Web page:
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Czech Philharmonic Benefit Concert online review – profound musicianship in sombre masked fundraiser | reviews, news & interviews

Czech Philharmonic Benefit Concert online review – profound musicianship in sombre masked fundraiser

Czech Philharmonic Benefit Concert online review – profound musicianship in sombre masked fundraiser

Three violinists, two cellists, four pianists and a harpist play superbly to an empty hall

Josef Špaček and Jana Boušková launch the benefit concertAll images by Petr Kadlec

Less than six months ago Prague’s most prestigious concert hall, the neo-Renaissance Rudolfinum, was all glittering lights and packed, smartly dressed audience for the Czech Philharmonic’s hot ticket first performance there for 49 years of its national epic, Smetana’s Má vlast (My Homeland) – a grand one indeed u

Less than six months ago Prague’s most prestigious concert hall, the neo-Renaissance Rudolfinum, was all glittering lights and packed, smartly dressed audience for the Czech Philharmonic’s hot ticket first performance there for 49 years of its national epic, Smetana’s Má vlast (My Homeland) – a grand one indeed under principal conductor Semyon Bychkov. No greater contrast could be imagined to this, its most recent event, in which an auditorium devoid of everyone but camera operators, presenter and two guests rippled with a filleted performance of the most famous movement – "Vltava", or "The Moldau" – as transcribed by Hanuš Trneček and dazzlingly executed by one of the world's greatest harpists, Jana Boušková, who with her colleague Barbara Pazourová had launched the October concert of the complete work.

Boušková may have played this virtuosic arrangement many times, but never wearing an obstructive face-mask to match her lovely blue dress. It seems strange and surreal to most of us to see everyone on camera so attired in this sombre setting, but such things are compulsory in the Czech Republic, a country which has moved fast to contain the coronavirus (and with apparent success). The event was broadcast live on Czech Television’s ČT art channel as well as on the Czech Philharmonic’s Facebook page, to raise money for Czech hospitals: the fundraising figure is what you have to try and avoid watching as it shoots up in the top right corner (suffice it to say that 4,690,922 korunas – CZK, with the symbol Kč – was the amount reached one and a half hours after the start, and the current total converts to £230,000). Jana Bouskova in Prague Benefit ConcertThe masks inevitably limited the performers who could take part: no wind or brass, obviously, only in this case string players and special-guest pianists alongside the harpist who was also the only woman (not an indicator of the orchestra’s makeup, which is much more even handed than that of its not too distant neighbour the Vienna Philharmonic). Those featured are all superlative musicians, starting with concertmaster/leader Josef Špaček, who’s already made an outstanding recording of violin concertos by Dvořák, Janáček and Suk.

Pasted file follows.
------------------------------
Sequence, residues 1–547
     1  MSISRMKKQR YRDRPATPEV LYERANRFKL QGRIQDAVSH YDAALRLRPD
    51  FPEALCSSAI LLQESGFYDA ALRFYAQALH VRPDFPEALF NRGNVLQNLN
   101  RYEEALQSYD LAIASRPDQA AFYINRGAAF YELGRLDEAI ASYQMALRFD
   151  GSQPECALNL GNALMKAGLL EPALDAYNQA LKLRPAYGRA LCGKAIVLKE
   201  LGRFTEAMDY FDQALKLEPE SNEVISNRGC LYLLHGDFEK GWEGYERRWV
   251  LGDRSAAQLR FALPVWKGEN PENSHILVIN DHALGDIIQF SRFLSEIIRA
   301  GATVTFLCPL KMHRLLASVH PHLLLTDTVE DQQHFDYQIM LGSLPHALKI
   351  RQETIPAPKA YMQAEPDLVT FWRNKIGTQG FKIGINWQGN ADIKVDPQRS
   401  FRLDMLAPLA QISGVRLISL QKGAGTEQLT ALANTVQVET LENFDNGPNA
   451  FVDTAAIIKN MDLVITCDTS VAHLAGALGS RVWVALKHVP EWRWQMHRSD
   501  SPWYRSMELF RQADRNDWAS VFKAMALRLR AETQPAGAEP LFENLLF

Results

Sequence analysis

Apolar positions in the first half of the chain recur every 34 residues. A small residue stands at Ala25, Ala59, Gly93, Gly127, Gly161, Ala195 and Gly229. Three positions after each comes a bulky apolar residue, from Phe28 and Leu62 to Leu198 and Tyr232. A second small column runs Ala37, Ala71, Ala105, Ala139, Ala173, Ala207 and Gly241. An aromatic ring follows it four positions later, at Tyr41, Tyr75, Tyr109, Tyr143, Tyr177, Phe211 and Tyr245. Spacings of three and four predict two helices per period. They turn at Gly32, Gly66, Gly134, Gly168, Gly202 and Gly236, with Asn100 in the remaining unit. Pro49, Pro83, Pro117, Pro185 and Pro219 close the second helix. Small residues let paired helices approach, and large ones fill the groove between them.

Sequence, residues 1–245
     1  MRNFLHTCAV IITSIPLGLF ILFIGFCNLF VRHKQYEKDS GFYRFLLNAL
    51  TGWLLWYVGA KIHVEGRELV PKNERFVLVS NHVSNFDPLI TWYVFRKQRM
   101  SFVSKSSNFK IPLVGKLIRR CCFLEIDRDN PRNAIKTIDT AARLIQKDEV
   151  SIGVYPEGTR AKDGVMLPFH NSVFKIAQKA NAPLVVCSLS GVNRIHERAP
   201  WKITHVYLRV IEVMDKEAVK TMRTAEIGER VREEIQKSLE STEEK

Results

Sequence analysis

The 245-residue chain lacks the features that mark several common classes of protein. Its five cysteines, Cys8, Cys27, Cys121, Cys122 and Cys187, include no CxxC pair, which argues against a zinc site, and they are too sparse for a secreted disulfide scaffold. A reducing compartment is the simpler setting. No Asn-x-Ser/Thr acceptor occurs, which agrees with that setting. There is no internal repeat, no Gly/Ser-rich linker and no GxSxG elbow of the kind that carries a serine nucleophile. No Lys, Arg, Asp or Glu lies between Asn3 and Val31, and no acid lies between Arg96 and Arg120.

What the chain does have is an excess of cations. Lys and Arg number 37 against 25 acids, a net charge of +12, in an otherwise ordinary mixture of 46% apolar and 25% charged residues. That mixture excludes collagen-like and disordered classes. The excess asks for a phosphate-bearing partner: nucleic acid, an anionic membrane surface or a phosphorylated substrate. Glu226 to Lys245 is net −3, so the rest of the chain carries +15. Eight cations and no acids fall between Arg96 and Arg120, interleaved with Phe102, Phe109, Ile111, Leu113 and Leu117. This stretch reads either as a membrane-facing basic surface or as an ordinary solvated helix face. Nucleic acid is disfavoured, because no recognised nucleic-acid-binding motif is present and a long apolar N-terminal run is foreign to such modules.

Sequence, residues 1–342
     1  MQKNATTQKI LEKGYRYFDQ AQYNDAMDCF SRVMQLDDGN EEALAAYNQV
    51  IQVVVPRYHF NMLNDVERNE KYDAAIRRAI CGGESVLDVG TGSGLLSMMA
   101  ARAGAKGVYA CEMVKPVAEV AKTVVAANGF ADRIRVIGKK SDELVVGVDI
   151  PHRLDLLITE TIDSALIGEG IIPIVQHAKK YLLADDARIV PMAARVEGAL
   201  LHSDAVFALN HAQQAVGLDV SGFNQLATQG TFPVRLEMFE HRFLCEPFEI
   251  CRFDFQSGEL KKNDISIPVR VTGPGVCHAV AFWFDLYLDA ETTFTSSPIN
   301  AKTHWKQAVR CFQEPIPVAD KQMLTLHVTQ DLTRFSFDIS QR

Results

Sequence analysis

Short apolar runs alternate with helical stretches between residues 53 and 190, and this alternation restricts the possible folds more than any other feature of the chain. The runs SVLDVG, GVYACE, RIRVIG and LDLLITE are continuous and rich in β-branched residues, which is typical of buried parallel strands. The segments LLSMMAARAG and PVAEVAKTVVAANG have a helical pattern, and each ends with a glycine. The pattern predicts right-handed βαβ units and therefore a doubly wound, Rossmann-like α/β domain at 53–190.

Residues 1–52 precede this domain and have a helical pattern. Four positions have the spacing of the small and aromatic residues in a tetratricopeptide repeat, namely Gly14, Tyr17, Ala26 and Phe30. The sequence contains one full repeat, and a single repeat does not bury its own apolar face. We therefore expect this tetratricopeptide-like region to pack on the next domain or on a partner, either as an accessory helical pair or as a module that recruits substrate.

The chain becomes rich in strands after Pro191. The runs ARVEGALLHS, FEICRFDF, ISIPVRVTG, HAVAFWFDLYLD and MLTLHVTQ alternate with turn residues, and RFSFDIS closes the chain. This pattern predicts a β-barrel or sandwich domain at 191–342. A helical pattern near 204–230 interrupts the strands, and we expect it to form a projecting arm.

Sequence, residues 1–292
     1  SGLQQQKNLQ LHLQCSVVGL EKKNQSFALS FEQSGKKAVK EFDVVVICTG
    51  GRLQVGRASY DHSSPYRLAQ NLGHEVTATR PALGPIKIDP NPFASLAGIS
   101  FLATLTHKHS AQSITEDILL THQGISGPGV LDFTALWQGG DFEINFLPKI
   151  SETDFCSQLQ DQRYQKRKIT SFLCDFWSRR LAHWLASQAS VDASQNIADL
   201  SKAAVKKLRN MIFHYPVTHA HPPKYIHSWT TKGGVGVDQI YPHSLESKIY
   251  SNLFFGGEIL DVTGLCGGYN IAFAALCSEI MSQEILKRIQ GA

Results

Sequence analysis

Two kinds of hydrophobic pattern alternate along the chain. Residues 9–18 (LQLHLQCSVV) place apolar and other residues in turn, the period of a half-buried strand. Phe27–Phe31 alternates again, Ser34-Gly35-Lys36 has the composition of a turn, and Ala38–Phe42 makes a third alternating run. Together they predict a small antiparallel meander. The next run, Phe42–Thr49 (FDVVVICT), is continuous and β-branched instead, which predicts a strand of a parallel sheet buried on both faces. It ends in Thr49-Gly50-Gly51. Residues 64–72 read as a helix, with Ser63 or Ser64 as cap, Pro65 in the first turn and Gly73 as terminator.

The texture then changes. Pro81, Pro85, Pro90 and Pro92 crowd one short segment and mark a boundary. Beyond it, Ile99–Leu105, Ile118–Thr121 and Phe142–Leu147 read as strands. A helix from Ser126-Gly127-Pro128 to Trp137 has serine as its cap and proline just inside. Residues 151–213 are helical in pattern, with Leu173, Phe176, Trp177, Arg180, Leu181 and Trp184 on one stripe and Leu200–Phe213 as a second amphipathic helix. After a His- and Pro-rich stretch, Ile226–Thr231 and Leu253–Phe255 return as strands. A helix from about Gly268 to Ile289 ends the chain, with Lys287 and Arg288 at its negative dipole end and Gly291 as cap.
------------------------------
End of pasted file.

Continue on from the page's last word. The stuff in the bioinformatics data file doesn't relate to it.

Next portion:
He and Boušková eased us in with the famous Dvořák Humoreske; later his free, ardent but pitch-perfect playing of the same composer’s fourth Romantic Piece, in the set where he was partnered by pianist Miroslav Sekera, scoured the soul. Elegy was the keynote, going deep with the equally perfect intonation of cellist Václav Petr (pictured below) in the Prelude, Sarabande and Gigue of Bach’s C minor Cello Suite. Petr’s resonance in this generous space – excellent for solo instruments, not always so good for full orchestra – also graced Dvorak’s Silent Woods, in which he was.accompanied by the general director of the Czech Phil, David Mareček. How many CEOs can you name who are fine pianists too?Vaclav PetrSmetana’s From the Homeland for violin and piano gave a second violinist, Jiří Vodička, and pianist Martin Kasík less rewarding material to work on until the final dance, which broke the sobriety (Boušková, incidentally, didn’t get the Polka in "Vltava" to play – too unharp-like, but compensated by some magical cadenzas and the inner gleam of the moonlight episode). Vodička also gave the only nod towards the 20th century, Václav Trojan’s The Emperor’s Nightingale – an offshoot from a film based, like Stravinsky’s opera, on Hans Christian Andersen’s tale.

The revelation for me came at the end with the second and third movements of Smetana’s C minor Piano Trio, his first masterpiece. The scale and the schizoid moods here speak of a profound personal message, and so it emerges: Smetana had just lost a second daughter, aged four, to scarlet fever. It could be overwrought, but three more first class players, the Lobkowicz Trio – violinist Jan Mráček, cellist Ivan Vokáč and pianist Lukáš Klánský – made quicksilver work of the faster passages while never stinting on the lyric fervour. All this was presented with total sobriety in a country which needs no “isn’t this so fantastic” TV or radio presentation (and no concealing of the odd little interludes where piano keys were treated with antibacterial cloth between players); musicians are respected in Czechia, and they responded in kind.

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